- Divide the dough in half. Shape each half into an 8-by-1-inch log. Wrap in plastic wrap, and refrigerate 2 hours.
- Preheat the oven to 350 degrees. With a sharp knife, cut each log into ¼-inch slices. Place the slices 2 inches apart on ungreased baking sheets. Bake 10 to 12 minutes. The cookies will not be brown. Cool completely on a wire rack.
- In a small bowl, combine the remaining confectioners’ sugar, butter, zest and juice on low speed of an electric mixer. Increase speed to medium, and beat 2 minutes until fluffy. Frost the cooled cookies.
- Note: Store in cookie tins or any airtight container.
- 1 tablespoon vegetable oil
- 4 garlic cloves, peeled and minced
- 1 stick unsalted butter, softened
- Finely grated zest and juice of half a lemon
- Place the oil in a small skillet over medium-high heat. As soon as it gets hot, add the garlic and reduce the heat to medium low. Simmer for 2 minutes. Remove from the heat, and set aside to cool.
- Place the butter, lemon zest, lemon juice and garlic mixture in the bowl of a food processor. Process until smooth. Transfer to a large piece of plastic wrap, and roll into a 2-inch diameter cylinder. Wrap tightly, and refrigerate until ready to use.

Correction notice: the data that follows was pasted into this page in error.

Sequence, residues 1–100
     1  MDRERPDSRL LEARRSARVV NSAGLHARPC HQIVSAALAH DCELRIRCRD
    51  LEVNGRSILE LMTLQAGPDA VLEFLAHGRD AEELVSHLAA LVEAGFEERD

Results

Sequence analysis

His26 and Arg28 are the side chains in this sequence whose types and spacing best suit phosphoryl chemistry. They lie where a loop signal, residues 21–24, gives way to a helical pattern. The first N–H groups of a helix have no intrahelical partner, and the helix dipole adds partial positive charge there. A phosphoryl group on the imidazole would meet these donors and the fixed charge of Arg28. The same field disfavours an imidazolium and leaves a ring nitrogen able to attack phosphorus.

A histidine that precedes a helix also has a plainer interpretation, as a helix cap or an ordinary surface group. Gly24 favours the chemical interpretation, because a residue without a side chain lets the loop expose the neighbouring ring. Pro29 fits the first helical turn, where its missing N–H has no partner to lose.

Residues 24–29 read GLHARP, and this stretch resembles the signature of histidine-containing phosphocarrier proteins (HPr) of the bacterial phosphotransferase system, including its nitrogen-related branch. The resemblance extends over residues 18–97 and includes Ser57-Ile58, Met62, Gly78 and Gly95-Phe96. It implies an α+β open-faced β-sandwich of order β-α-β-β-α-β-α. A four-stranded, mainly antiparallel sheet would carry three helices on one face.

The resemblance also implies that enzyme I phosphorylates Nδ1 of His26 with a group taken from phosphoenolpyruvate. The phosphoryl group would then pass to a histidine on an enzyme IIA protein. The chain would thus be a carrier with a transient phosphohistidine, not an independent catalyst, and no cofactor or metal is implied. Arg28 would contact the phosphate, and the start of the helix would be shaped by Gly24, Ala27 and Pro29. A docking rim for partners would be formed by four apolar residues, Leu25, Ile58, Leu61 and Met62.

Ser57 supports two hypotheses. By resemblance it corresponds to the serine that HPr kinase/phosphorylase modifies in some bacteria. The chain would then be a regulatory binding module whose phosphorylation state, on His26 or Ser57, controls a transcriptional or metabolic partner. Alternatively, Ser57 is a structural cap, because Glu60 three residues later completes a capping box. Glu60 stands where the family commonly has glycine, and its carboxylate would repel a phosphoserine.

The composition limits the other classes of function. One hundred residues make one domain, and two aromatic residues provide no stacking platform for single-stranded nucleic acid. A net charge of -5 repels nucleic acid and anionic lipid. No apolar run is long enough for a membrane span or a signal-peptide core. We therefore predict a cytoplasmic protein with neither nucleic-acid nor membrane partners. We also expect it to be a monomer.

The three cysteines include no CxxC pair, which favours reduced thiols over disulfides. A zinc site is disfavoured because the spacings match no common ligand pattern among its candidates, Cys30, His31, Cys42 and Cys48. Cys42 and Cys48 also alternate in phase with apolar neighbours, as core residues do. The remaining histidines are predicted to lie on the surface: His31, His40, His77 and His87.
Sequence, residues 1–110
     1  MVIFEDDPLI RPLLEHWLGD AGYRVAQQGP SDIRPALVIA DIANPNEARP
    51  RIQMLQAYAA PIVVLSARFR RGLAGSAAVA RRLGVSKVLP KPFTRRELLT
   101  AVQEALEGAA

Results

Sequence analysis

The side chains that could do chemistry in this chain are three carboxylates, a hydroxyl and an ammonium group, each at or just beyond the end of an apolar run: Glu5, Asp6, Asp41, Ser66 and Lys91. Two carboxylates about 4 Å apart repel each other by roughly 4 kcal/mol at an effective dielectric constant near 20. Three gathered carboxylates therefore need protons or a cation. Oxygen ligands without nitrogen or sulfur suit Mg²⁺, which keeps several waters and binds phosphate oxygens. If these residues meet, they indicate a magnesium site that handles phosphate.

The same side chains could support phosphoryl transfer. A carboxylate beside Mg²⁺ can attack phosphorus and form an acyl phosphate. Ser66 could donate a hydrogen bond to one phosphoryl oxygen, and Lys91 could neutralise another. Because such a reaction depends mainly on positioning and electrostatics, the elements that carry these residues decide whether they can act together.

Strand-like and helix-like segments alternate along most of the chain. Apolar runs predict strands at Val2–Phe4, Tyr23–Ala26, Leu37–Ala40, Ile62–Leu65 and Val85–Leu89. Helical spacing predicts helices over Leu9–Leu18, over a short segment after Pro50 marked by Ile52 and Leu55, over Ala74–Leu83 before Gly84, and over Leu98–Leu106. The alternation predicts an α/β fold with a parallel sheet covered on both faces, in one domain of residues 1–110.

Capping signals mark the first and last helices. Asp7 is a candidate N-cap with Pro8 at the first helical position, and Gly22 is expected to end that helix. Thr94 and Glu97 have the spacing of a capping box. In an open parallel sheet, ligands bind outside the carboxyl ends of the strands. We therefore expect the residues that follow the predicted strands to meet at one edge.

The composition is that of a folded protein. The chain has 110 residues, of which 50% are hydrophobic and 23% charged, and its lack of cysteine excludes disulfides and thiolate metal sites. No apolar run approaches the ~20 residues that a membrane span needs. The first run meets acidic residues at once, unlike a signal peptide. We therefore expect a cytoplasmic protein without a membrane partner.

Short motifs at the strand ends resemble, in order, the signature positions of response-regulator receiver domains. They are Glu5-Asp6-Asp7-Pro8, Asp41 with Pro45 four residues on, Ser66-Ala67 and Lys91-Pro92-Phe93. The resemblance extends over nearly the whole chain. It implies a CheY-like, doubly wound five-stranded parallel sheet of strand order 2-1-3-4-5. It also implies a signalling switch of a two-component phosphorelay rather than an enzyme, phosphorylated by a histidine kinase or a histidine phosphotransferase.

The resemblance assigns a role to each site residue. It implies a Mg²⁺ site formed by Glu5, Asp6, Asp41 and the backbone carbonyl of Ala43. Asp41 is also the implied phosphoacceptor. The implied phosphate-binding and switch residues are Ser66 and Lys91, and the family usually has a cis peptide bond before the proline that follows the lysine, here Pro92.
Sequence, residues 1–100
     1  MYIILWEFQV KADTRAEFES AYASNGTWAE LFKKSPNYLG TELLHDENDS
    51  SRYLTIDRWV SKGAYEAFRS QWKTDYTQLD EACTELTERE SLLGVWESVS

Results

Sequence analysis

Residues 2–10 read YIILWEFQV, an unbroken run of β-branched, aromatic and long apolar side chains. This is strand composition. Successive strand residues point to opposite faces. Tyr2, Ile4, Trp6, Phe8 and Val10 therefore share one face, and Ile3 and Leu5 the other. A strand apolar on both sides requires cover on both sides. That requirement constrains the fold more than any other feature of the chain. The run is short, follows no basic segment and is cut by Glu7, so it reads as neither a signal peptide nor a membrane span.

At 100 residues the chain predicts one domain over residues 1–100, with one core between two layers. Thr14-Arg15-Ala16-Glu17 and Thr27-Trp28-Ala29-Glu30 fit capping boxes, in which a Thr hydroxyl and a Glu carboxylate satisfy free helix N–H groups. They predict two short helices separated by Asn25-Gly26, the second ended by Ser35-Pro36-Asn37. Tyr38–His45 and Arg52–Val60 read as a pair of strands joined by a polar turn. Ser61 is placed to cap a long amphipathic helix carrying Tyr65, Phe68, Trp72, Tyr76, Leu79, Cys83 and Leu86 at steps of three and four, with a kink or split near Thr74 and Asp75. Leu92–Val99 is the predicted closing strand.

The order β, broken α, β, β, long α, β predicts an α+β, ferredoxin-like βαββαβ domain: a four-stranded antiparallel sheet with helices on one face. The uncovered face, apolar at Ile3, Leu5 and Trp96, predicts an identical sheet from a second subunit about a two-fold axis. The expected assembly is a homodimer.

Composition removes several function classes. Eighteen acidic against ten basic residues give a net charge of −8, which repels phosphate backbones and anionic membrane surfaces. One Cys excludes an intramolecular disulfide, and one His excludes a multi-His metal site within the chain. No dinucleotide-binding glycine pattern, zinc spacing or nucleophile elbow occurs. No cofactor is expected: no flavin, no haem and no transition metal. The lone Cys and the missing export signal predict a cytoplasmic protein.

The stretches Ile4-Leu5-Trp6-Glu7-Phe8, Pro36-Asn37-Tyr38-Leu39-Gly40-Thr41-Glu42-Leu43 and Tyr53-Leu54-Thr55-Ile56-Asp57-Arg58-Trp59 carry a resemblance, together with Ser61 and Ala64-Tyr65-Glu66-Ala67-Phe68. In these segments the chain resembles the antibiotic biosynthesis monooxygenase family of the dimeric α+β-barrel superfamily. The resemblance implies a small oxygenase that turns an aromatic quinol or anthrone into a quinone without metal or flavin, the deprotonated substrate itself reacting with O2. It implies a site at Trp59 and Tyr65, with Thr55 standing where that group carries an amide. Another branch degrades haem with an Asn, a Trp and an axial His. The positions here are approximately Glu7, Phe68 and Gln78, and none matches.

- ¼ cup sour cream
- ¼ cup crème fraiche*
- 3 tablespoons lemon juice
- Finely grated zest of half a lemon
- ¼ teaspoon salt
- ⅛ teaspoon white pepper
- In a small mixing bowl, whisk together the sour cream, crème fraiche, lemon juice, zest, salt and pepper. Cover and refrigerate until ready to use.
- ½ cup light olive oil
- 1 teaspoon mustard seeds
- 1 teaspoon whole peppercorns
- 2 sprigs thyme
- 6 wide strips lemon zest
- Place the oil, mustard seeds, peppercorns, thyme and lemon zest in a small saucepan over medium-high heat. Bring the oil to 160 degrees. Remove from the heat and cover. Allow to sit at room temperature for 8 hours or overnight. Strain through a fine mesh strainer, and discard the solids. Transfer to a small bowl, cover and refrigerate until ready to use.